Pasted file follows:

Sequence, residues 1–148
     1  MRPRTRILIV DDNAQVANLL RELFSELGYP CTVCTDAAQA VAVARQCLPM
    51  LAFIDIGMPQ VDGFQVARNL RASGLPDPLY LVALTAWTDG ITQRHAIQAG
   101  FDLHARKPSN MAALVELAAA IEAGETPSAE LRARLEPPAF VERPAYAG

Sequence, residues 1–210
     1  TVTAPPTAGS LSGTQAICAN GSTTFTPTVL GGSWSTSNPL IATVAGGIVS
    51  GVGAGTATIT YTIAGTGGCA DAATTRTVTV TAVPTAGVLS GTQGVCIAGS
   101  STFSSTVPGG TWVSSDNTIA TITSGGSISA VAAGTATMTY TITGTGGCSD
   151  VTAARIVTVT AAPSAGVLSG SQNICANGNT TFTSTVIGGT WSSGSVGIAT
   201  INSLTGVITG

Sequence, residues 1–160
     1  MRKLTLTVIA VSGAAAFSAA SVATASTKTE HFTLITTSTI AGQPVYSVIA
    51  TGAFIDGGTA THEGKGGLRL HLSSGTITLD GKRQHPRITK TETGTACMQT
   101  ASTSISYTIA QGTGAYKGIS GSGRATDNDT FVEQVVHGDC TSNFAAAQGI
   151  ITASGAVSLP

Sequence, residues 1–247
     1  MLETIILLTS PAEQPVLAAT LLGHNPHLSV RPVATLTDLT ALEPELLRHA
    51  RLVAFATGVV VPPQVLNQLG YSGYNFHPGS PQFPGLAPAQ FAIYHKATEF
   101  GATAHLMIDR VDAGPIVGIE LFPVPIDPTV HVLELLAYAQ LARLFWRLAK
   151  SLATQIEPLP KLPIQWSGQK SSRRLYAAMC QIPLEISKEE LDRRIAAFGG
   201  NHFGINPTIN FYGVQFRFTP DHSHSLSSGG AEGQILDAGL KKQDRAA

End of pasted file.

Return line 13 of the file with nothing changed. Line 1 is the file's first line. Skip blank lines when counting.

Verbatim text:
    51  TGAFIDGGTA THEGKGGLRL HLSSGTITLD GKRQHPRITK TETGTACMQT